It’s On Fire

Fred here. The following is an excerpt of a post I made to the FateRPG Yahoo Group, where someone was trying to wrap their head around the whole “On Fire is an Aspect” thing that pretty much comes up every time someone’s talking about aspects with folks who are less familiar with them. High time I get this written down somewhere official, yeah?

Read on.

Man, that “on fire” thing is probably the biggest buggaboo in all of Fatedom.

So, here’s the thing. Aspects are not the core engine of Fate. They’re the most different from other systems, which makes them, I guess, more obvious, but they’re also not the answer to every “problem” and they’re not the sole thing that drives the game. This, I’ve already said. To go further:

The core engine of Fate — for me, at least, from a design perspective — is the Fate Fractal principle. Search for that text here – – but in short, it’s the idea that anything in the system can be treated as a character. That is to say, to model the thing you want, you should look at the pieces parts of a character, think about what they do, and use the parts that are most appropriate to express what you’re after.

Reduce, reuse, recycle. There’s no need to invent new parts when a recombination of existing parts works out well. Think about aspects, yes, but think about stress tracks, think about skills. (Think about more, too, if you want to get into the down & dirties — stunts, powers, whatever — but I’ll focus on those.)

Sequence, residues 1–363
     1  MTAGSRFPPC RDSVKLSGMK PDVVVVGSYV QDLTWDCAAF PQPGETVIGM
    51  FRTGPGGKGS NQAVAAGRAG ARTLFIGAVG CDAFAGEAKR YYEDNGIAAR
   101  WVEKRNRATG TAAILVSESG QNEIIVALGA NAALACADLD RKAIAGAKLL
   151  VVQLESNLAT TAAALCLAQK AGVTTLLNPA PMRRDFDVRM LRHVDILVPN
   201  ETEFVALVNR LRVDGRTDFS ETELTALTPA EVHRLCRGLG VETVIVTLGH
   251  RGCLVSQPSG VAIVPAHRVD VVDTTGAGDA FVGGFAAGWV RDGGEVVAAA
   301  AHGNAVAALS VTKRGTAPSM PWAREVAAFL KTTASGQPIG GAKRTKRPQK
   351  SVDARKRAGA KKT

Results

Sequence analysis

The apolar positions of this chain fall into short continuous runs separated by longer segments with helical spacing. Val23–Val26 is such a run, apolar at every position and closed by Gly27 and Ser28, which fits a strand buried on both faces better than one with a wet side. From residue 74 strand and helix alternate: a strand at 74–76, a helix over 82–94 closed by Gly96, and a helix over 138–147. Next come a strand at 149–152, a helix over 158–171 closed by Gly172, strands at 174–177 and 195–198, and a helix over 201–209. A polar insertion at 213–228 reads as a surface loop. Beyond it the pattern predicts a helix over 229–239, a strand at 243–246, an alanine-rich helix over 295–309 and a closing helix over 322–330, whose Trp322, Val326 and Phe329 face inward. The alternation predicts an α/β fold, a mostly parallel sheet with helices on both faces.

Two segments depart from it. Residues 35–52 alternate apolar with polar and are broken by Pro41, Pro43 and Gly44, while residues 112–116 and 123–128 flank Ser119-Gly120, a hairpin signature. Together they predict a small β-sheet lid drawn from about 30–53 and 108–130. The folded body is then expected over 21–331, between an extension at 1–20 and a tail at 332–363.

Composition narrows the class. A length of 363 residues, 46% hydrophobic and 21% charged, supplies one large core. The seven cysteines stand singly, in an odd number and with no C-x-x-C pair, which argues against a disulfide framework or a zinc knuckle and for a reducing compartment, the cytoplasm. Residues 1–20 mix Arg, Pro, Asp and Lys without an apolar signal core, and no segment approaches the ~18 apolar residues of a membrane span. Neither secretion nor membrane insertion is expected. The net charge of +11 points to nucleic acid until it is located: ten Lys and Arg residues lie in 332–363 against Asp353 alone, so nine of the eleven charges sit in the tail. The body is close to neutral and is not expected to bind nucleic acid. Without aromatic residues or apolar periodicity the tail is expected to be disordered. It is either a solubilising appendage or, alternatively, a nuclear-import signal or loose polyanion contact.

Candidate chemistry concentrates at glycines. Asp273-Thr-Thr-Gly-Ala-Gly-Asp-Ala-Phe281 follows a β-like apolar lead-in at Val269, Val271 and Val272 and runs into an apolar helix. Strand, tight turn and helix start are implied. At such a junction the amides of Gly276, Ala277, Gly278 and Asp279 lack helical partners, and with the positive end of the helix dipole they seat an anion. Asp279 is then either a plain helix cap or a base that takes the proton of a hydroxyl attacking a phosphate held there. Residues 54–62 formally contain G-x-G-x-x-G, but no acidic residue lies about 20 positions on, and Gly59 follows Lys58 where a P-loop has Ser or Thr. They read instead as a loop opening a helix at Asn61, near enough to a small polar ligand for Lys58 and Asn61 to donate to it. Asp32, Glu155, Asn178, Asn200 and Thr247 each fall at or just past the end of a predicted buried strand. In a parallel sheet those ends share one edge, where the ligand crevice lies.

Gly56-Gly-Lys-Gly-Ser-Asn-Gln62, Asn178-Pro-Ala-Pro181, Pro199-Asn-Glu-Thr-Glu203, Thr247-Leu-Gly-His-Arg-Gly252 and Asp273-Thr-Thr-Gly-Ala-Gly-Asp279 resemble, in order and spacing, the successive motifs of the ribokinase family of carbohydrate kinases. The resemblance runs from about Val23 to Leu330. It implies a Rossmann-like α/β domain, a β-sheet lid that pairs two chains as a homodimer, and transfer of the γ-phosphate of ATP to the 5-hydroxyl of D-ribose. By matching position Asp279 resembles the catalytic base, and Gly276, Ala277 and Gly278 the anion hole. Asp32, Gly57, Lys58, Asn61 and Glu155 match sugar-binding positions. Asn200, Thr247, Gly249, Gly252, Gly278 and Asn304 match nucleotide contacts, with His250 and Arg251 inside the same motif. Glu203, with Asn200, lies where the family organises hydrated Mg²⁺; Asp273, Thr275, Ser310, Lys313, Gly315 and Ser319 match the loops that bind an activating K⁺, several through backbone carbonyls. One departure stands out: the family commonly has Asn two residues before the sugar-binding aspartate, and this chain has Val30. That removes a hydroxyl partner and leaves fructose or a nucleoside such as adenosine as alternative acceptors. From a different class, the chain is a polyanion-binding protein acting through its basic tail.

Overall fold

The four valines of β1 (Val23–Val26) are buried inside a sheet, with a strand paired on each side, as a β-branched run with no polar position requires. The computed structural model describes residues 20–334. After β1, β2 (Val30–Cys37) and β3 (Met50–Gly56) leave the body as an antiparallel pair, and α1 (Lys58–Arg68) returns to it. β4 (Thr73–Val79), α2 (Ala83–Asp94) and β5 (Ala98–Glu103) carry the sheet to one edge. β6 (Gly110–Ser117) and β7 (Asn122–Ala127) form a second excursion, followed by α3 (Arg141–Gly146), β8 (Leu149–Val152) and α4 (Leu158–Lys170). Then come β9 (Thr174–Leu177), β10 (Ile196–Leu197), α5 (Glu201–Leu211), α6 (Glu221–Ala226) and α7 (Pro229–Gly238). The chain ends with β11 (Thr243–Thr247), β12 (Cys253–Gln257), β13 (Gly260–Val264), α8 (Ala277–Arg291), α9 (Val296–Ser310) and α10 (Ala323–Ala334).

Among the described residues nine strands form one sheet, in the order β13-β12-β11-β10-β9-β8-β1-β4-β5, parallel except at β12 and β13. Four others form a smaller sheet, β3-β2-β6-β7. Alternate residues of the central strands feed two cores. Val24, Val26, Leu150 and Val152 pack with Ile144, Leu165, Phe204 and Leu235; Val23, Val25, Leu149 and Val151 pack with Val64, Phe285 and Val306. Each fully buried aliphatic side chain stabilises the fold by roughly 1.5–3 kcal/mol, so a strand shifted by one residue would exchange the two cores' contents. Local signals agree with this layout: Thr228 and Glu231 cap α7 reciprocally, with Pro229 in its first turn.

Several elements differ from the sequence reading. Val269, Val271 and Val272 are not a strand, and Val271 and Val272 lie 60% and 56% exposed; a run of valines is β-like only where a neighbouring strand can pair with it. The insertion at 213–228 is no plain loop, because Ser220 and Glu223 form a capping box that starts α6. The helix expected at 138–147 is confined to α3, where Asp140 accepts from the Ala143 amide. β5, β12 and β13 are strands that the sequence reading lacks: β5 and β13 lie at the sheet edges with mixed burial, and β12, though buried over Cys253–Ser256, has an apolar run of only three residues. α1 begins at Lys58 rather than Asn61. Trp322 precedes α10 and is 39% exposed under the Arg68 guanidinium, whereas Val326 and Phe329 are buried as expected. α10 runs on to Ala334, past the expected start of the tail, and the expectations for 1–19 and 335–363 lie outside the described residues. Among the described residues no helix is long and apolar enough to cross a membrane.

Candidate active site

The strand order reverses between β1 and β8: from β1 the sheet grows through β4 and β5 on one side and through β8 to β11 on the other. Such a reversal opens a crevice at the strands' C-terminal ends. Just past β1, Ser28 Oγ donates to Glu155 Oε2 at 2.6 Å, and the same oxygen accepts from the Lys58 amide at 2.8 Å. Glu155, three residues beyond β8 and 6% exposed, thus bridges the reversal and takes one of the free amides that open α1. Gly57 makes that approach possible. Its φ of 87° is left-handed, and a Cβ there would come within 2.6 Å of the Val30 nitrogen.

So, let’s talk about “on fire” a bit in light of that.

Aspect: Aspects give you two functions (more or less) — they create constraints on action via compels, and they provide means for advantage via invocations. So if you’re going to have fire create a reason for the heroes to stay trapped/hold back while the bad guy escapes (a compel!), then the aspect makes good sense. If you’re going to get into a fistfight on the edge of the blaze and want to, y’know, knock the guy back into the fire so he gets singed a bit — invoke/tag that aspect and you’re in great shape. That’s the bounds of it: folks have a shared understanding of what something being on fire means – in terms of how it affects the choices made and the actions available — and the aspect is an interface to a few game mechanisms that support that.

Skill: Skills are there to show how things take action. Fire grows, spreads, and burns. That sounds like moving and attacking actions, to me. So give your fire a skill. It can take an action to intensify (increasing that skill, maybe — or maybe it’s a maneuver, putting more taggable shit-be-burnin’ aspects onto things); spread (take the action, move into another zone); burn (attack people in those zones with its skill, dealing stress and consequences). I mean, why not? Fiction talks about fire as a “living thing” all the time.

Stress track: Maybe your fire’s tough to put out — not as easily dismissed as any other scene aspect. Makes sense. So yeah, give your fire a stress track. Let people attack it with fire extinguishers and oxygen-destruction powers. Makes sense, doesn’t it?

Aspects are great. Use them a lot. But don’t let them become blinders. Look around a little. There are other tools in the box.